His dinner invite to me was almost straightforward. “Claire and I are heading to Sarnia and the cottage,” said Bernie between sips of a rum and coke, “it might be a good opportunity for dinner if you and Abby are willing to dine with us.”

I didn't mind having a drink with Bernie: I didn't want dinner. ‘Willing to dine’ carried a faint whiff of burning martyr to it that I didn’t want to burst into flame. Given past precedent, I was relatively sure that any dinner would involve a store-bought entrée (from a proudly Canadian-owned retailer) and a long discussion about the value and the need for free markets and the inherent virtue in pull-up-your-socks determination and how tax cuts make jobs for everyone and perhaps a few slightly weepy asides about the truth of Gordon Lightfoot songs and a friendly reminder that Ralph Klein did just fine as far as Albertans were concerned, maybe the rest of Canada had better take notice.

Gordon Lightfoot tracks on the repeat-all setting did nothing for me (although far be it from me to judge another’s iPod fodder) and the tax cut/free market sermon gets tiresome (although hardcore, you-gotta-listen-to-me Socialists are just as boring as hardcore I’m-giving-you-the-straight-talk Capitalists in close quarters) and I’m sure dinner would have been tasty and the Niagara wine poured often and the rancor aimed at a generic them rather than me. I would have been welcome to contest their points as I wished; their evening of political theatre required some give-and-take after all. But it was going to be their theatre, their script, their schedule and Bernie & Claire would act as Producer, Director and Dramaturge. My involvement was destined to be something between spectator and parishioner as they delivered the Good News about whatever policy announcements were nearest and dearest to their hearts.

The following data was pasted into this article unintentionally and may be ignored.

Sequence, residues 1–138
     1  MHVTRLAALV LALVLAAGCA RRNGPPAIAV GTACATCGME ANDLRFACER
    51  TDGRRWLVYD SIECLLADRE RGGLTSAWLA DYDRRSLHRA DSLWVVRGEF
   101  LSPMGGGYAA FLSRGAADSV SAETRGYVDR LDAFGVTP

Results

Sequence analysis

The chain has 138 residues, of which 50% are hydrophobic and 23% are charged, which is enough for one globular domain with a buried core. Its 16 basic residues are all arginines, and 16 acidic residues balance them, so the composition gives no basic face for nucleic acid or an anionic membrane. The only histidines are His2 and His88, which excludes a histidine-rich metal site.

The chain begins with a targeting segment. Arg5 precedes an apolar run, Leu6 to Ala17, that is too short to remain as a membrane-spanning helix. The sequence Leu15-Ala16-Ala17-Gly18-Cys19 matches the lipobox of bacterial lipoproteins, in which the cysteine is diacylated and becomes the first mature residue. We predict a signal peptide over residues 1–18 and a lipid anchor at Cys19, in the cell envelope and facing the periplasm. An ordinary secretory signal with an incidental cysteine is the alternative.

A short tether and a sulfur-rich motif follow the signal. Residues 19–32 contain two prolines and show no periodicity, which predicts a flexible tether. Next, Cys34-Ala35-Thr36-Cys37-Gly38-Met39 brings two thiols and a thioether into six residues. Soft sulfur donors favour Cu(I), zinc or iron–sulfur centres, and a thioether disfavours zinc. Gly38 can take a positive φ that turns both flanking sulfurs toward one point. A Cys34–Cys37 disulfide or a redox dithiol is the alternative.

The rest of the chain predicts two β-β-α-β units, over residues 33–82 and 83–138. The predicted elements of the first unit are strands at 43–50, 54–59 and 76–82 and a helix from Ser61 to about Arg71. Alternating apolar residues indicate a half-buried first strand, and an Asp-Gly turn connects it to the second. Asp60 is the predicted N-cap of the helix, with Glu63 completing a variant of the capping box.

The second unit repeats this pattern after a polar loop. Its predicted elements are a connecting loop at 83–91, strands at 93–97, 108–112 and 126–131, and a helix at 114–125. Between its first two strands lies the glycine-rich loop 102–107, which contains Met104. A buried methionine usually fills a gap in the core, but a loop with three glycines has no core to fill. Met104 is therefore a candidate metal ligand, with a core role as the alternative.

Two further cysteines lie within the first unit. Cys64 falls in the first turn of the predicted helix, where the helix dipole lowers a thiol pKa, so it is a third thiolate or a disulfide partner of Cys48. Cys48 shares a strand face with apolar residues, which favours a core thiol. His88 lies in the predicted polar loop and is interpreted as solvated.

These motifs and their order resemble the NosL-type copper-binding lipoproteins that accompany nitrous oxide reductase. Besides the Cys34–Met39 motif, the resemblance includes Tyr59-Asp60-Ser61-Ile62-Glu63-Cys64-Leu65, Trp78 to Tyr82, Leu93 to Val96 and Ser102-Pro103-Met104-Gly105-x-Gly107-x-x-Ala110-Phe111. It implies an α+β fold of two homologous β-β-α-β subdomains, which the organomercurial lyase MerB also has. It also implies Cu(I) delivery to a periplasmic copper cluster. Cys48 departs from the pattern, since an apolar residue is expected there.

I didn’t have anything against Claire. And Bernie had shown himself to be a stand-up guy in the past. But I didn’t want to be politely reminded of the other side by a couple who were otherwise fiercely proud of their own one-side-fits-all approach to living. They were experts on changing topics if you questioned them too closely, becoming quite emotional from time to time, revealing their depths of devotion. When dinner becomes a call to action or, more manipulatively, a ‘we’ve got a lot we can offer’ meeting that ends in a gift of position papers and invitations to fundraisers and information sessions for investment opportunities…the event ceases to be a dinner.

I declined politely. He accepted politely and presumably went onto other potential guests.

The forum post was reported to me a few weeks later by somebody convinced the world had to know. It meant little to me in 2003 and significantly less in 2010. But somebody’s held onto it for reasons I don’t want to think about. Fill in your own lions den joke on your own time if you must. I just report whatever finds its way to my inbox.